JF: Thanks, Steven!

Who Are American Museum Workers?

Museum

The National Emerging Museum Professionals Network has released a survey of 500 museum workers.  The representative American museum worker:

  • Has been working in museums for 1-3 years.
  • Works full-time
  • Has a masters degree
  • Is female
  • Is between 25 and 34 years of age
  • Is white
  • Grew up in the suburbs
  • Has college-educated parents
  • Spent 3-6 months looking for a job in the field
  • Did 2 or more internships after college
  • Makes between 30k and 40k a year

See the report here.

A Hilarious Take on Museum Studies Graduate Programs

I know all the public historians and museum specialists who read The Way of Improvement Leads Home will find this entertaining.  Here is a taste:

The Peale-Barnum Public History Museum Studies Program is the most honest graduate program of its kind. Our two semester program prepares students for the ideals and realities of the public history and museum fields.

Financial Aid: Try to get grants or borrow money from your family. If possible, avoid loans. Otherwise you will end up living with either your parents or several roommates.Applying: We accept most applicants (we have bills to pay, you know).We promise that the experiences you have with us will haunt you for the rest of your career.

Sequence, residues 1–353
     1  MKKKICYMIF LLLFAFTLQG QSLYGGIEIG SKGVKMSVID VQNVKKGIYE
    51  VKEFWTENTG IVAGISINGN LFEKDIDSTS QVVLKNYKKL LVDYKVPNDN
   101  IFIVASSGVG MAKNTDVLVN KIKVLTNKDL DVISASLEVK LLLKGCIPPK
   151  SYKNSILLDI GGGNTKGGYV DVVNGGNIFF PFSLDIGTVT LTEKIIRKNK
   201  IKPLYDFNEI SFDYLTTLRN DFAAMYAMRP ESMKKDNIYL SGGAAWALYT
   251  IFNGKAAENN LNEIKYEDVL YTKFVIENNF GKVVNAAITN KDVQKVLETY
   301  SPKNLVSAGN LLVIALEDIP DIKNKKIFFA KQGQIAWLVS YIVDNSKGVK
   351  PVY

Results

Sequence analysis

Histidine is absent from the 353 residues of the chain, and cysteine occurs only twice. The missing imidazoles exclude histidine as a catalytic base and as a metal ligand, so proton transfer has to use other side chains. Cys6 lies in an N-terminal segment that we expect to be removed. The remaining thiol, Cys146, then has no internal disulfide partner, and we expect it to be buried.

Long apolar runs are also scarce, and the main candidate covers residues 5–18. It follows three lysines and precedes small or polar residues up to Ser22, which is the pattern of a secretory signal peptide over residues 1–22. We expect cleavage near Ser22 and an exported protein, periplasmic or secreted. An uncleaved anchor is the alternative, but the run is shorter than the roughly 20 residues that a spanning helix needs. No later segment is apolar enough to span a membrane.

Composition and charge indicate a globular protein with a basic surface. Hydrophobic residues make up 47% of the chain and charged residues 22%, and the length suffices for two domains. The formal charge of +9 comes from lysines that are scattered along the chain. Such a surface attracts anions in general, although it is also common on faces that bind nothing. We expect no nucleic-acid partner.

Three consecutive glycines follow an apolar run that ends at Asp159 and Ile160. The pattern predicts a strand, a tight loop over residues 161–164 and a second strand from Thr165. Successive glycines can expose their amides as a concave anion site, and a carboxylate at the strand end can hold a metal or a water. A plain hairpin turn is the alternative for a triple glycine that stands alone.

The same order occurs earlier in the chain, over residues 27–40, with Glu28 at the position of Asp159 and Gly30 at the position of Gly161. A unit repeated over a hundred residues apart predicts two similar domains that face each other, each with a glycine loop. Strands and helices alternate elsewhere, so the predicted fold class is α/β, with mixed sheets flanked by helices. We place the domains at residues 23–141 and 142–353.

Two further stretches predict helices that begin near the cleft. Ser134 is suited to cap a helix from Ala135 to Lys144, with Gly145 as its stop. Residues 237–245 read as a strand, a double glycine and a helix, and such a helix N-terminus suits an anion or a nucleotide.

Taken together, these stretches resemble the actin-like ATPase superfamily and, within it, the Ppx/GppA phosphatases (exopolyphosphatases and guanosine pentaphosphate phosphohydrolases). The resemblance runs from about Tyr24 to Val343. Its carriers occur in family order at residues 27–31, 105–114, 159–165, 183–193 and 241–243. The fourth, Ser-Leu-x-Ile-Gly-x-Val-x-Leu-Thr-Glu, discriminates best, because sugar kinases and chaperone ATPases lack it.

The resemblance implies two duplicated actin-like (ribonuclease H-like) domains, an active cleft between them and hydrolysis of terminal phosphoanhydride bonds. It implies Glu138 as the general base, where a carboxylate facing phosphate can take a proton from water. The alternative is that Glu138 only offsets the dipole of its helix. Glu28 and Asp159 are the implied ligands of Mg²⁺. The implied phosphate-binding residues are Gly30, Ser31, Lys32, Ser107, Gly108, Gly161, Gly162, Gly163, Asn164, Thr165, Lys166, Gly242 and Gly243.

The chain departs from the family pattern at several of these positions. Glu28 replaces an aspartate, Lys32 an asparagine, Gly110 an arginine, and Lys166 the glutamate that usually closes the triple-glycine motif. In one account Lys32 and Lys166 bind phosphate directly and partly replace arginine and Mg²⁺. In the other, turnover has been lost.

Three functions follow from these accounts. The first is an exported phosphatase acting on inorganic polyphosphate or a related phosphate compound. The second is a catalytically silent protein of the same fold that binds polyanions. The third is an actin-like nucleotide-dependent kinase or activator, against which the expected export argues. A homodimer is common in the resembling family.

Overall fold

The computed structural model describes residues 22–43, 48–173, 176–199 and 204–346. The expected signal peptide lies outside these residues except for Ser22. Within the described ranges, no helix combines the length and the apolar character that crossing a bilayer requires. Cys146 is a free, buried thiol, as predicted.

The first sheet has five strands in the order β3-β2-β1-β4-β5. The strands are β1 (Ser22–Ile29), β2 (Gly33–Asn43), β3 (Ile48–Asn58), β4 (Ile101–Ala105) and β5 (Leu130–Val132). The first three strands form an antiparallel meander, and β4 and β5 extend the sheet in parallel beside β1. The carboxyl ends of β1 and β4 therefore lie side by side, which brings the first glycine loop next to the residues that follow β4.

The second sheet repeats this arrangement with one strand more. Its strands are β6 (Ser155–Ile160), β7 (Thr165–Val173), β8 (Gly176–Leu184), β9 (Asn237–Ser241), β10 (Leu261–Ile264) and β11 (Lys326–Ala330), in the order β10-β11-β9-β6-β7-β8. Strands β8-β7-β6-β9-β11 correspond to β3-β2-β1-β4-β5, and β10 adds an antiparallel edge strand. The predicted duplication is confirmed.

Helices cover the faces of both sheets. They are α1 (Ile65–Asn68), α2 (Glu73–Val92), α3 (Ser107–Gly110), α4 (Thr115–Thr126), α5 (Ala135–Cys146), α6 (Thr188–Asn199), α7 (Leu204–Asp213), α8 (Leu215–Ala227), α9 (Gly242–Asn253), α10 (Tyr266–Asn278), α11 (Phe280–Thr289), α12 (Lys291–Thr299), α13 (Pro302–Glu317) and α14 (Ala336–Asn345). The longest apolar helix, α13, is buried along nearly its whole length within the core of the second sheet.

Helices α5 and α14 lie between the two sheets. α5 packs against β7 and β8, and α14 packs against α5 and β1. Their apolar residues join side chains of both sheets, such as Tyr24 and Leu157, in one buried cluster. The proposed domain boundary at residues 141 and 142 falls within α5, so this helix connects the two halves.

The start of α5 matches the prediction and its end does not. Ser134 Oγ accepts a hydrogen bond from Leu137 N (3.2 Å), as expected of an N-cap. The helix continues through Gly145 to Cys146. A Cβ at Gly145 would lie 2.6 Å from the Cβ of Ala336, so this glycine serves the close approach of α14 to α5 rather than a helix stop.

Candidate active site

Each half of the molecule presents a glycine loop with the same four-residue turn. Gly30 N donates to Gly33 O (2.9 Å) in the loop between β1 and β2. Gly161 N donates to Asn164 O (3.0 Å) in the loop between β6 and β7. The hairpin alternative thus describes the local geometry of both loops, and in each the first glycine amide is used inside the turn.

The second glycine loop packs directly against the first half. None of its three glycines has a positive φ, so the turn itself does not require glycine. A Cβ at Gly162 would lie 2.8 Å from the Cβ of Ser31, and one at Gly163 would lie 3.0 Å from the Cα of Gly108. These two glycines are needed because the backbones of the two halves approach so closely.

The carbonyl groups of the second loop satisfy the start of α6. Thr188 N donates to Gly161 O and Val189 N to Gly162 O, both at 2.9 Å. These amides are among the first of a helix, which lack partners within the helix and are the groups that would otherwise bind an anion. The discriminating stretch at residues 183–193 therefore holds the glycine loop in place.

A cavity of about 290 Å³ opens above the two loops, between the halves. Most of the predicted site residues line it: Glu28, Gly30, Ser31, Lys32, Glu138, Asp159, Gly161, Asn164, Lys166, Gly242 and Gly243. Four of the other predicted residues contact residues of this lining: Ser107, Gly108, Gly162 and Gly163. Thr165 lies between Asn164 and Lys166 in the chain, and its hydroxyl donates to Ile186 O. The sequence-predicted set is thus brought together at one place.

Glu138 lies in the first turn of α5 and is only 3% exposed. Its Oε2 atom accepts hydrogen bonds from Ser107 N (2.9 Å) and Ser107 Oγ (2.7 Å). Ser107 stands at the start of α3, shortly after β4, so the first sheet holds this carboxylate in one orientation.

Faculty & Staff: Our faculty and staff can share with you their version of the ideal museum, no matter how impractical or naive.

Curriculum: We don’t offer classes, we host workshops (See below for a selection of our workshops). Our workshops will provide you with practical, hands-on experience which will prepare you for the real work that goes on at most museums.

Degree: You can choose to pursue a master of arts degree or a certificate. We suggest the masters, since our museum studies certificate is designed to benefit our bank account more than your career (museums rarely, if ever, advertise for someone with a graduate certificate. sorry).

Post-Graduation: What happens after graduation is not our concern. Besides disappointment and unemployment are part of the museum profession and you should get used to them as quickly as possible. Since it’s not part of your tuition, consider this a free lesson, our parting gift to you. However, no matter what happens after graduation, please don’t forget to send your annual alumni donation.

Read the entire post here.

This Week’s Patheos Column: Religion is MIA at the National Museum of American History

On Saturday, I spent the day in Washington D.C. at the Smithsonian’s National Museum of American History. It is a fine museum, one that should be on the itinerary of anyone making a pilgrimage to our nation’s capital. During my visit I stood in awe of the American flag—worn and tattered—that inspired Francis Scott Key to write the Star Spangled Banner in 1814. A moving and relatively new exhibit focused on the visual culture of the Civil Rights Movement. I exercised my historical imagination by staring into the hull of the revolutionary-era Gunboat Philadelphia, the oldest surviving American fighting vessel. I got a bit nostalgic looking at a collection of vintage lunch boxes and children’s toys.